The disciples had to admit that they had "failed." They hadn't caught any fish. Having spent hours at a time fishing with my family, I know that it really is disappointing when the fish aren't biting. It's humiliating to go out of your way to catch fish and then not catch any! And to think - we fish for pleasure. While fishing might have been "pleasant" in some sense to those disciples, I'm pretty sure that catching fish meant much more to them. It meant food. For some, it meant a livelihood and a way to provide for their families. So I'm guessing a night of catching nothing was not something to be proud of.

The disciples had to experience what it was like going a whole night without catching fish to truly experience the miracle of catching a ton of fish (153 fish, according to v. 11). Why?


The humbling thing about miracles is that they don't occur because of our own strength or genius or prowess. They occur because of God's power and goodness and love. They occur in order to bring God glory. Not us, but God.

About a year and a half ago I wrote about my very own Christmas miracle - the almost-horrible trip home for Christmas break that turned into an amazing testimony of God's provision. I met a friend who kept me company during the long wait at the San Francisco airport, helped us get a ride back to our hometown when our flight was cancelled, and watched out for me to make sure I was alright. The long delays, the flight cancellation, the late-night drive with virtual strangers... Nothing I could do was going to change the fact that I was not going to be able to fly home that day, nor the fact that unless someone reached out to me and helped me along, I was clueless. The miracle didn't point to my own intelligence or abilities. It pointed to God's mercy and the blessings of friendship that He gives us.

Your Turn!

Can you think of any other connections between fishing and humility? (Feel free to be creative and stretch the connections a bit!) Do you have any miracle stories that you can share with the rest of us that can remind us of how amazing God is?

Let's Go Fishing!

Just look at that view! This is what makes fishing so wonderful.

Let me start off the day by being very clear: I'm rather under-qualified when it comes to teaching anyone how to fish. So today, I'm not going to tell you what bait is best to use to lure a certain type of fish, or how much you ought to spend on fishing gear, or what time of the day is the best for catching fish.

Instead, I'm going to show you how to experience the joys of fishing - with or without actually catching fish. So grab your fishing pole, your tackle box, and some munchies, and we'll head for the lake!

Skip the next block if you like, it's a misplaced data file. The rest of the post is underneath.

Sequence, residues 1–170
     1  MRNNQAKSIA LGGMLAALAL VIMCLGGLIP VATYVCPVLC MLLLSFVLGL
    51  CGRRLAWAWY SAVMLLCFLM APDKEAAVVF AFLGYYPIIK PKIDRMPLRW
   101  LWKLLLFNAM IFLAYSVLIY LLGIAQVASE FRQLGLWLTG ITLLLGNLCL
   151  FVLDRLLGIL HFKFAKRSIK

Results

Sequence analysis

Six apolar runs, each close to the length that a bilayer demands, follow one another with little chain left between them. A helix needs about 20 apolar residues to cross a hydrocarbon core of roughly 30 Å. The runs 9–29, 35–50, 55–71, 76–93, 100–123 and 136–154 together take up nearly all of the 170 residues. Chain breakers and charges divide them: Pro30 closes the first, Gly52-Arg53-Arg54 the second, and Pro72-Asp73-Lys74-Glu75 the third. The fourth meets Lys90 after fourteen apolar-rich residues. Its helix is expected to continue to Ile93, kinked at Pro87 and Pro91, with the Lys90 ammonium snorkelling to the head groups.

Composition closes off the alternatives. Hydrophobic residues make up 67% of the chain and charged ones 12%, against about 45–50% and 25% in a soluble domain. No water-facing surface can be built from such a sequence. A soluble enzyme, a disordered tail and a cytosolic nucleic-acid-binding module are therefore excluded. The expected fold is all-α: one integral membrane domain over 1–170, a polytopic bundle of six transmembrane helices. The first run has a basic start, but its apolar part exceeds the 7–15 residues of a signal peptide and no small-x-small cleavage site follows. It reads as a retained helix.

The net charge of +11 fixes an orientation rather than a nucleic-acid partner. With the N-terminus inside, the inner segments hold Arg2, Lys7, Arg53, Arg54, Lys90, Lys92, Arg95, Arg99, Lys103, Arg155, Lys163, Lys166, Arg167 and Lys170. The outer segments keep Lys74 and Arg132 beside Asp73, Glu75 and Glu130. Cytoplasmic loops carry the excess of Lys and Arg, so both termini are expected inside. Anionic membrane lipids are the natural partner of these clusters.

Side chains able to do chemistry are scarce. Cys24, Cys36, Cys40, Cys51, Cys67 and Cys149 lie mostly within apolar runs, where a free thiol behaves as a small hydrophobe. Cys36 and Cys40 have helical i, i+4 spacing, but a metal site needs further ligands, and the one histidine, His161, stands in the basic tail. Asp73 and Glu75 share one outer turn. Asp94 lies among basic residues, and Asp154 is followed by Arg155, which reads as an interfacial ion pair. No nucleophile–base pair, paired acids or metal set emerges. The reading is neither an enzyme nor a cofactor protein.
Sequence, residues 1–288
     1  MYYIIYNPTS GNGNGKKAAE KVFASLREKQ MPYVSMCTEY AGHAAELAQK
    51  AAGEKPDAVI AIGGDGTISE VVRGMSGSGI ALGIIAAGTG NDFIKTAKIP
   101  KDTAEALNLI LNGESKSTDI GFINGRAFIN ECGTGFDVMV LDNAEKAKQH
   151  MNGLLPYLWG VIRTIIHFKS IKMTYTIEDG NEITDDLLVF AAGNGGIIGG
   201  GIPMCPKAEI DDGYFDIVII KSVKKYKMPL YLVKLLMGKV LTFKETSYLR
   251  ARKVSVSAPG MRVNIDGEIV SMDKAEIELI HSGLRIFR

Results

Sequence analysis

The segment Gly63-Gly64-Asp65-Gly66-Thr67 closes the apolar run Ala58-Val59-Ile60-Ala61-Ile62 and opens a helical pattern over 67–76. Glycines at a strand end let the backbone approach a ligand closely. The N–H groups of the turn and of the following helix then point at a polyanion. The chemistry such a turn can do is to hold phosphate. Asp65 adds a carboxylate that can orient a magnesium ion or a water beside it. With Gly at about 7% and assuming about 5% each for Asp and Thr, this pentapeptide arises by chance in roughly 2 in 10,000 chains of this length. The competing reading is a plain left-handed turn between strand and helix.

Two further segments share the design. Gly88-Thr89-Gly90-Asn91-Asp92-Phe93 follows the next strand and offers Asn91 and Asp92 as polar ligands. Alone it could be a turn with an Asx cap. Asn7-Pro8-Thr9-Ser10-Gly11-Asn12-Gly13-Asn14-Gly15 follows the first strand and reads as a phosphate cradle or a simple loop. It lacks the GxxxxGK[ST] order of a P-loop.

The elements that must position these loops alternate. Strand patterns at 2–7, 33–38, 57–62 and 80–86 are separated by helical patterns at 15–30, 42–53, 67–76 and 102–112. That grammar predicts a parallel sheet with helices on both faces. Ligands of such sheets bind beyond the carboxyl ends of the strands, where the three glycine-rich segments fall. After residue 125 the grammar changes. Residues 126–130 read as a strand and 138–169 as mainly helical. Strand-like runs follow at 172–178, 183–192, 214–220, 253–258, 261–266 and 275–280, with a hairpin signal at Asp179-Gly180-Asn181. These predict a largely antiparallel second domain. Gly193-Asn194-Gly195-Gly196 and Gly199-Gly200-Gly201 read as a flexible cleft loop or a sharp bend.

Here are some important things to remember about fishing (according to me, anyway!):
  1. Pick a beautiful day to go fishing. Sunshine on the lake - that's what I'm talking about!
  2. Pick a beautiful place to go fishing. (If you're ever in Northern California, I highly recommend Lewiston Lake - just look at these pictures, if you're not convinced!) Notice that I said the place has to be beautiful. I'm not really overly concerned about where the most fish are. I figure, if I'm going to spend a day fishing, I want to enjoy the view, right?
  3. Bring food. A well-stocked cooler (not the one designated for the fish you catch!) is essential. Consider packing a Subway sandwich, chips, sodas, cookies, and fruit.
  4. Bring a journal/iPod/book. If the cooler is essential, one or all of these are even more so. Want inspiration for writing your latest scene or composing a poem? What could be more inspiring than riding on a patio boat on the lake? Want a nice spot to relax? Music can add to the mood. Want some time to dive into that great summer read sitting on your TBR stack? Umm... The one thing about fishing that is pretty much guaranteed is waiting. So bring something with you to best help you enjoy the wait!



Today we're renting a patio boat or two so that we can all experience the wonder of fishing. By now you're probably wondering how exactly I define fishing...

Well, OK - catching fish is nice, and it does kind of come with the territory. There is a certain thrill in reeling in a fish, and I really like fishing - as most people define it - in theory. But at this point in my life, you won't catch me preparing the fish afterward! And, quite frankly, you probably won't catch me catching much fish either. I'm really not that skilled at it.